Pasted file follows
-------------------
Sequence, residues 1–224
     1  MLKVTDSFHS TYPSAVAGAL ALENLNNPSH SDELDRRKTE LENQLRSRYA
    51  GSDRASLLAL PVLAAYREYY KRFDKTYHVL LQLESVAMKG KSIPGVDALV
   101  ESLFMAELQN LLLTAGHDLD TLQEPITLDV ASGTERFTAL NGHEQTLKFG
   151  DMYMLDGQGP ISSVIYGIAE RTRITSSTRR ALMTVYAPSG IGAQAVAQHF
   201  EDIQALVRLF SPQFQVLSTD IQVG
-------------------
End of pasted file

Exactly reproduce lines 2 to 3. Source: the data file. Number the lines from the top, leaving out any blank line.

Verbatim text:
     1  MLKVTDSFHS TYPSAVAGAL ALENLNNPSH SDELDRRKTE LENQLRSRYA
    51  GSDRASLLAL PVLAAYREYY KRFDKTYHVL LQLESVAMKG KSIPGVDALV